The original Banjo-Kazooie did one thing exceptionally well: cloning Super Mario 64. Everything from the level layout to the moves was strikingly similar to the pudgy plumber’s first trip into the third dimension. Considering this, it is strange to see that the newest entry in the series, Nuts and Bolts, isn’t even a platformer. With such a huge change to the formula, is the latest Banjo entry worth jumping into?
When Nuts & Bolts begins, you are caught up on what the characters have been doing since Banjo-Tooie. You are then told that all of the on-foot platforming from the original series is being thrown out and replaced by vehicles. Over the first few hours of gameplay, you are given several cars, planes, and boats and asked to complete a number of objectives while they show you the differing racing and collecting mechanics. You are also introduced to the game’s central innovation: the vehicle creator.
The vehicle creation tools in Nuts & Bolts allow you to drag and drop parts onto an open canvas and develop any type of transportation that your imagination can come up with. You start by adding a seat, follow that up with an engine, and then go through the rest of your available objects — which include weapons, armor, paint, and hull pieces — to see what else you want. The creator is very easy to jump into, and the game offers several training videos to watch if you are having trouble. As you progress through the game, you will have to make everything from transport aircrafts to warships, and the process can only take a few minutes to build a fully functional rig. The creator is open enough to create almost anything that you want, as I have seen in-game variations of Star Wars ships, lumbering dinosaurs, gigantic robots, and even various … umm … body parts, all of which are packed with weaponry and features.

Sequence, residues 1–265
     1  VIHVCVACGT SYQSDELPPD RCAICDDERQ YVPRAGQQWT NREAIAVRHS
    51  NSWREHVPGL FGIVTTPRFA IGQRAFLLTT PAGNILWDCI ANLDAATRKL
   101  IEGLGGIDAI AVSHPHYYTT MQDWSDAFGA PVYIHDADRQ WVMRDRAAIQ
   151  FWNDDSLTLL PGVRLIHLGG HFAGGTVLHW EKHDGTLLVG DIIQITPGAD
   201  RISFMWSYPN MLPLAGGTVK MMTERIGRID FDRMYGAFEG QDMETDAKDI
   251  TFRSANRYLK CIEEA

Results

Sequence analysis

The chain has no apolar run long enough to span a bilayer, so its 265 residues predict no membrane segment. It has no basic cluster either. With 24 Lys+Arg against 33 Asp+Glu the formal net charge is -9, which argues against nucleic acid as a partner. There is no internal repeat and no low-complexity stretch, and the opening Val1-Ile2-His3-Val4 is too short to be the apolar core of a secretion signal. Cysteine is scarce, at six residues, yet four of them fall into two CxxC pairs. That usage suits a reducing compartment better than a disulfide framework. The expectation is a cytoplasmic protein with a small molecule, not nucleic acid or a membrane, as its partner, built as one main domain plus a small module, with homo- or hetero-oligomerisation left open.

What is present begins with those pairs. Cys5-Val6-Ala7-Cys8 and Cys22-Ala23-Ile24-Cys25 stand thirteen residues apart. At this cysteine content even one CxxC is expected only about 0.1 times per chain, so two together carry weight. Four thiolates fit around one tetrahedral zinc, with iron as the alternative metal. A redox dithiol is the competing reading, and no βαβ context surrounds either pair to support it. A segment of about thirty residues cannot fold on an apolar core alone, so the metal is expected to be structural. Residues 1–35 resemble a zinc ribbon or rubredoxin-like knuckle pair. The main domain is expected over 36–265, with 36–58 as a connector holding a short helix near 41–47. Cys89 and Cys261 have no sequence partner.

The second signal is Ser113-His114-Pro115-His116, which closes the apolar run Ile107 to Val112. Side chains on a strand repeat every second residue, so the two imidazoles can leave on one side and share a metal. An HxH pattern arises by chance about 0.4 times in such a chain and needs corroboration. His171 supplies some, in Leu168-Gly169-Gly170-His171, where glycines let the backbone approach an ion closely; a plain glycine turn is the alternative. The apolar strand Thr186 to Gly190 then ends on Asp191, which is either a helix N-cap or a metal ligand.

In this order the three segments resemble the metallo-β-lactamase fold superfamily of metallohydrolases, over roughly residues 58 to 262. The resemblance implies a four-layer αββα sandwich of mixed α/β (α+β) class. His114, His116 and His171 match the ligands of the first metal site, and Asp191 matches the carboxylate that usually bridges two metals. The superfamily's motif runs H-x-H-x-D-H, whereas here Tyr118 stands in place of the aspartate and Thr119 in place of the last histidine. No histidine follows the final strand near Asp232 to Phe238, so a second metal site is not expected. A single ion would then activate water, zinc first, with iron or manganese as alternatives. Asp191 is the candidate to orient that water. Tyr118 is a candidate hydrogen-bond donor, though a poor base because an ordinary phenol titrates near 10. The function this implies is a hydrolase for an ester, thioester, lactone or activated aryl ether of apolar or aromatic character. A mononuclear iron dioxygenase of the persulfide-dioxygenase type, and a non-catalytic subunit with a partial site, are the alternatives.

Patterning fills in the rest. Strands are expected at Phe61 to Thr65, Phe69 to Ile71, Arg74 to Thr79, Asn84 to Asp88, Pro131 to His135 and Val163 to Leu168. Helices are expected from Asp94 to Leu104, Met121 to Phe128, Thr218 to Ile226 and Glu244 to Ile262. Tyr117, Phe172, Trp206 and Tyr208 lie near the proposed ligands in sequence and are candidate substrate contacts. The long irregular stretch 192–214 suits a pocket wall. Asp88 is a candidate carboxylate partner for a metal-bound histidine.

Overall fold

The game requires that you use these created vehicles to beat the assorted challenges available in the game world. For the first third of the adventure, you will able to use premade cars to breeze through the objectives, but the game requires that you use custom rides for many of the later areas. This may seem repetitive, as having to use the creation tools before every mission grows tiresome over time, but the game counters this by providing a steady flow of new vehicle parts for you to tinker with that reenergizes your interest in the creator and opens up new creative possibilities. The game also doesn’t restrict you when creating vehicles for missions in most cases. You could, for example, use a plane in a car race if you wish, or you could just load your vehicle up with grenade launchers and blow all of your challengers off of the road for an easy win. This freedom is very welcome and adds some strategy to your decision-making.
Your reward for finishing any of these challenges is a jiggy, which is the Banjo equivalent to a star in the Mario series. You need 75 jiggies to reach the final level and will search for them in the 6 massive worlds that you can explore. The levels are housed in a central hub disguised as a bustling town, and a lot of vehicle parts and bonuses can be found here. Over the course of the game, you will explore a coliseum, a beautiful sunny island, an amusement park called Banjoland that features areas from older Banjo titles, a dome stuffed with extraterrestrial plant-life, and even a level inside of a gaming console called the Logbox 720. There are also a number of bonus games available to discover, including the fantastic old-school 2D platformer arcade game known as Hero Klungo Sssavesss Teh World! that has you carrying Earth over a number of gaps and hazards while protecting the planet from evil red blobs.